Ruling allows EVS use to go below minimums

 - January 31, 2007, 10:10 AM

In a landmark decision, the FAA has adopted a final rule allowing the use of HUD-based enhanced vision systems (EVS) for descent below published instrument approach minimums.

The eagerly anticipated rule change lets pilots continue straight-in Category I and nonprecision approaches below decision height or minimum descent altitude to 100 feet above touchdown zone elevation, where they would need to be able to see the runway or approach lights unaided to be legal to land.

In essence, the rule says that if the pilot can see the runway environment at published minimums by using the infrared EVS image, the approach can be continued to a height of 100 feet, after which “natural vision” must be used for landing. Pilots can rely on EVS during Cat I ILS approaches, as well as straight-in nonprecision approaches, by determining their “enhanced flight visibility,” a new term defined by the FAA as the average forward horizontal distance from the cockpit “at which prominent topographical objects may be clearly distinguished and identified” using the EVS. The FAA also said the rules apply to Cat II and III ILS approaches, but only by specific prior approval.

In its final rule, the FAA refers not to enhanced vision systems, but to enhanced flight visibility systems (EFVS), which it explains would include any electronic device capable of displaying a forward view on a HUD using an imaging sensor, such as forward-looking infrared (FLIR), millimeter-wave radiometry, millimeter-wave radar or low-light-level image intensifying.

Initially, the changes to FARs extend operational benefits solely to operators of Gulfstreams fitted with the infrared EVS sensor system developed by Kollsman of Merrimack, N.H. The $500,000 cryogenically cooled IR sensor package is a standard feature of the G550 and G450 and is offered as an option on the G300 and G500. Gulfstream gained its first certification for the IR camera system in October 2001 and has since installed about 50 of the devices on customer airplanes.

Used with the airplanes’ Honeywell HUD, the Kollsman EVS camera is mounted in a small fairing in the nose facing forward. Called the All Weather Window, it consists of a FLIR sensor operating in the one- to five-micron IR range, as well as an electronics-processing box and a glass pane through which the camera looks. The data from the camera system is processed and transferred to the raster HUD, where the IR image is displayed in shades of green.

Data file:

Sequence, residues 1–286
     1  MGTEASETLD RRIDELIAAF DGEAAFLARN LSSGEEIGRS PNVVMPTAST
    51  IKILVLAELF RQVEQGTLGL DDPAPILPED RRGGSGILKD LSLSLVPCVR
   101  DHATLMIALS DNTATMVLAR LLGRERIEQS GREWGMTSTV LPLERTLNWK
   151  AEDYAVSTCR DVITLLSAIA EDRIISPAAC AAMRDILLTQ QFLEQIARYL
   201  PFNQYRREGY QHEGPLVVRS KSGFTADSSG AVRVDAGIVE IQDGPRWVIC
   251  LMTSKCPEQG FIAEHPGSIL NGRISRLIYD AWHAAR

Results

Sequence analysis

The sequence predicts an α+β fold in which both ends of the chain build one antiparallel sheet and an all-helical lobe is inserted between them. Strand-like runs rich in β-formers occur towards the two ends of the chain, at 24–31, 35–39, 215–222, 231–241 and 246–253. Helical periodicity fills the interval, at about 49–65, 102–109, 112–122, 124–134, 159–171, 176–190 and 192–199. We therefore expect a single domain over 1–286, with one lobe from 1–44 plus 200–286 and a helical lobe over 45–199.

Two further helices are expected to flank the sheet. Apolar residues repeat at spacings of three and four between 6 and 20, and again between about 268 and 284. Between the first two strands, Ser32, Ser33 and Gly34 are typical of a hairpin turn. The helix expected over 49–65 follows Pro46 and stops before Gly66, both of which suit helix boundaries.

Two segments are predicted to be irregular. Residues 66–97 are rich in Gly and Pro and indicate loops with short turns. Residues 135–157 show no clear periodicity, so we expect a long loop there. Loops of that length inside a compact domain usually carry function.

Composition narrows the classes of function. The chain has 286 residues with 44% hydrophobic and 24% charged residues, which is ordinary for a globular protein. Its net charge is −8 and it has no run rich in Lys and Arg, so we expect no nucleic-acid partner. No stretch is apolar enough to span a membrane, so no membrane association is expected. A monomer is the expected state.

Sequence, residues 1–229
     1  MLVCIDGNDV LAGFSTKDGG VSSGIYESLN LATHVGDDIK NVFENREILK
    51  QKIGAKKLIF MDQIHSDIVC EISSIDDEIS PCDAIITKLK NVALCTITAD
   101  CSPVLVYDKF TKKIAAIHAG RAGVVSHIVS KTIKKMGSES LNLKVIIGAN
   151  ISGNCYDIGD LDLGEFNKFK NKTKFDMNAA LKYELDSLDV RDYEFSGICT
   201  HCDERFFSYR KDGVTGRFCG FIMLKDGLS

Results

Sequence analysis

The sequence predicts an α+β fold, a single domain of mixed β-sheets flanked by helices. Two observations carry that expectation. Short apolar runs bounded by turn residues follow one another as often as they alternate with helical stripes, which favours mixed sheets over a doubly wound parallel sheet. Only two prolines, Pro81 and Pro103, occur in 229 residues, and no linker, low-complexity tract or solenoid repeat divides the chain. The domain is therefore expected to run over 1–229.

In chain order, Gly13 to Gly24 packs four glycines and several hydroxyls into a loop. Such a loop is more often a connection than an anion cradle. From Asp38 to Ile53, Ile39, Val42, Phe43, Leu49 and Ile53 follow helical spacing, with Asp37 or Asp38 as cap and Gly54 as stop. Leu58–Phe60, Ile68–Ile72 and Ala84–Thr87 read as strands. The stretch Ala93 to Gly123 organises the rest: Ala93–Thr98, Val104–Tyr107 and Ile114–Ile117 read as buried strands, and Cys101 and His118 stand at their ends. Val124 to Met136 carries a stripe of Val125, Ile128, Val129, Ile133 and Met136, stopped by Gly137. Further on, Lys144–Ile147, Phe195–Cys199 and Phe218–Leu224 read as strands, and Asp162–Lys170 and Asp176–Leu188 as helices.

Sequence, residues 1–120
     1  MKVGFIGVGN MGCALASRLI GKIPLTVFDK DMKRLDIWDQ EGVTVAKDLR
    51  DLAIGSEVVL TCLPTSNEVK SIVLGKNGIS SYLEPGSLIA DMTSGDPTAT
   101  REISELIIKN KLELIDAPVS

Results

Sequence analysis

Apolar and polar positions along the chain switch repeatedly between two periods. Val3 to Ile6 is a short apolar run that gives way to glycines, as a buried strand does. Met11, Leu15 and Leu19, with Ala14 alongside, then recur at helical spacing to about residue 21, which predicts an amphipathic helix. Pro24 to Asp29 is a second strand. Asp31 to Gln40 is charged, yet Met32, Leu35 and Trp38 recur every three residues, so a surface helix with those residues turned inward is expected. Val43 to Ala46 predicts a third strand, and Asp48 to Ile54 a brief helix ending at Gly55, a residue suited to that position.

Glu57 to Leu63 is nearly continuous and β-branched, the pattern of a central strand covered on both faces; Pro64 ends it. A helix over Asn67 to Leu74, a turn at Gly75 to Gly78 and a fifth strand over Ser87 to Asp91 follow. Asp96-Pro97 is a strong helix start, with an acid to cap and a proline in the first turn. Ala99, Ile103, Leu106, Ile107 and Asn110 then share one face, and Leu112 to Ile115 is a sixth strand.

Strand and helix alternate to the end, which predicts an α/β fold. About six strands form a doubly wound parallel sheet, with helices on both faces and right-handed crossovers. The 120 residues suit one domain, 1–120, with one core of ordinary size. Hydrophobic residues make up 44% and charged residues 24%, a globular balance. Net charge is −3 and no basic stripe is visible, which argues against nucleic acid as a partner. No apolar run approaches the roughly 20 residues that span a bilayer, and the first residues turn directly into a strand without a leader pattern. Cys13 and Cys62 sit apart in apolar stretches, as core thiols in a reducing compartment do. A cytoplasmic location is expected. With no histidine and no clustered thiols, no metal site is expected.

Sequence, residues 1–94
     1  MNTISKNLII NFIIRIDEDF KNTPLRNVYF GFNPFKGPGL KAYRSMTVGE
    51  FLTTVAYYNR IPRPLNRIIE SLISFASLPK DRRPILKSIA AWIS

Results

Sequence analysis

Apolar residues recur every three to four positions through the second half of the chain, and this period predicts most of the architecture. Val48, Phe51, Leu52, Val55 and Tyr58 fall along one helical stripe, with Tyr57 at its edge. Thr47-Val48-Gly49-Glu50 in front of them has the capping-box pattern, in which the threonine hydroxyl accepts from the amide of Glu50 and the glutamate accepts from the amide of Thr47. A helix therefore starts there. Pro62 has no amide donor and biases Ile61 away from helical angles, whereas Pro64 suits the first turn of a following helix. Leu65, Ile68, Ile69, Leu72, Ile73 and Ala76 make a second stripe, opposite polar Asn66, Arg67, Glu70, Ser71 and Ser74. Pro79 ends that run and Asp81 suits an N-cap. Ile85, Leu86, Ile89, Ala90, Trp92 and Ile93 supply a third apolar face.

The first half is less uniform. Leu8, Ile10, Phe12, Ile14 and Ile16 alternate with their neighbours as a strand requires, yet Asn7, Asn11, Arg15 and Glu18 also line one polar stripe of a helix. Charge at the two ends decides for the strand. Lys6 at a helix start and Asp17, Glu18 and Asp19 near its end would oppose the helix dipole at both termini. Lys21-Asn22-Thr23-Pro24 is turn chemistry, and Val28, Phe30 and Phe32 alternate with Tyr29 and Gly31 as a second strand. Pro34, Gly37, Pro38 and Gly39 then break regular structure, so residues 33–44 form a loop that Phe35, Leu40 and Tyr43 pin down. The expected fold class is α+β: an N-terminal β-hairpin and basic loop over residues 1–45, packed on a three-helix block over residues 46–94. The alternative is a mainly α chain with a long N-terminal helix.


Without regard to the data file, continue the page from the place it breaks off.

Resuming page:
Canada’s CMC Electronics hopes to gain certification later this year for a system it is testing aboard Bombardier’s Global Express, a design that uses an IR sensor developed by CMC and a Thales HUD. Federal Express, meanwhile, has announced it will equip its MD-10 and MD-11 and Airbus A300 and A310 fleets with the Kollsman EVS system by 2006. Max-Viz of Portland, Ore., is a third EVS manufacturer, but its design is presented only on head-down cockpit displays, and therefore is not covered under the new FAA guidelines.

The most important changes to the FARs (applying to Part 91, 135 and 121 operators) are contained in the language within FAR 91.175, which deals with IFR takeoffs and landings. According to the FAA, pilots flying precision approaches with an approved EVS can descend below the published decision height to 100 feet if the approach lights are in sight or the runway threshold and runway touchdown zone are visible with the aid of EVS. On straight-in nonprecision approaches, pilots can descend below MDA to 100 feet if the approach lights are available and are in sight or if the runway threshold and the runway touchdown zone are visible using EVS. On either a Cat I ILS or nonprecision approach the pilot can descend below 100 feet agl if the runway’s red terminating bars or the red side-row bars are visible and identifiable without reliance on the EVS image.